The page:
The other day I was discussing Scriptural issues with a man who was trying to persuade me not to believe everything that I read in the Bible as being accurate. It was my privilege to remind him that his answers are based on human thoughts and ideas, not on what Christ was teaching in the Bible. Because in Christ we have everything, in Christ we have God in a human body; He is the highest ruler over every other power, a power that will enable us to resist seductive teaching. Our faith is strong enough to withstand those who come to us with enticing words or ideas, because we have such a grip of the truth, not motivated by seductive arguments. Not moved by anyone who would have us believe that we must follow a whole lot of manufactured rules to get to heaven. Do not let anyone declare you lost if you refuse to worship something other than the risen Christ. It is true that people have a very witty imagination not linked to Christ.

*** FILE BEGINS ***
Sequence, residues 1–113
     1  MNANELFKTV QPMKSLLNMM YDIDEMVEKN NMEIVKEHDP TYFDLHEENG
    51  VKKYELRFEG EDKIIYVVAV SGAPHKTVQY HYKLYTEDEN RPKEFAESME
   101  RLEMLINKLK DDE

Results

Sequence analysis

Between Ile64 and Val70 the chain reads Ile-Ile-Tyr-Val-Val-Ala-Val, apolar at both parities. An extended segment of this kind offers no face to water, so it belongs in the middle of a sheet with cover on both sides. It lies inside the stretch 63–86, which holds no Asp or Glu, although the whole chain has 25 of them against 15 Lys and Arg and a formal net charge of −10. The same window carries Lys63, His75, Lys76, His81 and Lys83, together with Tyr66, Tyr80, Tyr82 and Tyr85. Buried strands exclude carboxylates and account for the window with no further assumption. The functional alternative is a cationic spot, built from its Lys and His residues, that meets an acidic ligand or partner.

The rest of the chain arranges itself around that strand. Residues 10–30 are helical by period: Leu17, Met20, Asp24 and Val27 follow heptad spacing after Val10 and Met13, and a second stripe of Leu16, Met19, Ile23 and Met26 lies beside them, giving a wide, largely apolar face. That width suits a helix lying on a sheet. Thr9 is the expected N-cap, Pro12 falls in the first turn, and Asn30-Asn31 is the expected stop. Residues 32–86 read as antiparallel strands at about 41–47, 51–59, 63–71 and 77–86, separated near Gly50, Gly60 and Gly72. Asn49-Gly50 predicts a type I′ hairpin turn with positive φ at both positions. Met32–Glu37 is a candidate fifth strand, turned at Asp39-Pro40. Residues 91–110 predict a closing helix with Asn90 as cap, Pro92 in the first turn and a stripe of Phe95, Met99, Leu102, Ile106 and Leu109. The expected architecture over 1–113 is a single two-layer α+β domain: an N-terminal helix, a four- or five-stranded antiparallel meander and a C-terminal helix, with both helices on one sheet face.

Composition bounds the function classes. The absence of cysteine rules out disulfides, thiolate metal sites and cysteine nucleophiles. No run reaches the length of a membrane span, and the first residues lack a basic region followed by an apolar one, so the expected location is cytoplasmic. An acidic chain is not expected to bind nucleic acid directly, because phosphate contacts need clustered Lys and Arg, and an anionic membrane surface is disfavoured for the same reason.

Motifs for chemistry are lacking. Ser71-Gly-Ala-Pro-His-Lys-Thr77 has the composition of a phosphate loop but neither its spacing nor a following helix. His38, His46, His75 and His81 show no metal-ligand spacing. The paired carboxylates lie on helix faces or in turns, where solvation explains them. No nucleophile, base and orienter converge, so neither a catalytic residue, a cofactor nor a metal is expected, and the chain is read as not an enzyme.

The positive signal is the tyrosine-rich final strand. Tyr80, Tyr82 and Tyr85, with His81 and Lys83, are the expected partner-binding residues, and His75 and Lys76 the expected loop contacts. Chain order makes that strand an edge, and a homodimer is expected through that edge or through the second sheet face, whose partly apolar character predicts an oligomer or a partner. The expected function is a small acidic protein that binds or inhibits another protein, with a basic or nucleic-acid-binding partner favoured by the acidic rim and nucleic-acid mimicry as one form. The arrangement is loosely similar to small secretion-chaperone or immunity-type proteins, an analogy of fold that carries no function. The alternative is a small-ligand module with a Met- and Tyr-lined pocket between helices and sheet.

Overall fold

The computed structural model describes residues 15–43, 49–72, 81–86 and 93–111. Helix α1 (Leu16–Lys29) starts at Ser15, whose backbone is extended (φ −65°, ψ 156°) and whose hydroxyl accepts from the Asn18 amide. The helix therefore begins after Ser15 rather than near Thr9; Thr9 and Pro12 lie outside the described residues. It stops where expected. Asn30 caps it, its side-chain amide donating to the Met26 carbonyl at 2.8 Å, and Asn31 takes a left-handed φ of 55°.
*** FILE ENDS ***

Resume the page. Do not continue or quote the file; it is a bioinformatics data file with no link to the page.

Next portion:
I do believe we have to believe truths about Christ. We all agree that we must receive Christ if we are to have eternal life. There is no doubt, in our minds, that we cannot earn eternal life, neither can we buy it… it is a gift from God. Remember we are rooted in Christ; therefore, we draw our spiritual food from Him. He is our foundation, we started with Christ, and we continue to grow in Christ. We are dependant on Him for our steadfastness in our walk with Him. He gave us the Holy Spirit to reveal Christ in us. That assurance of salvation comes from none other than, God Himself… To God Be the Glory Great Things He Has Done…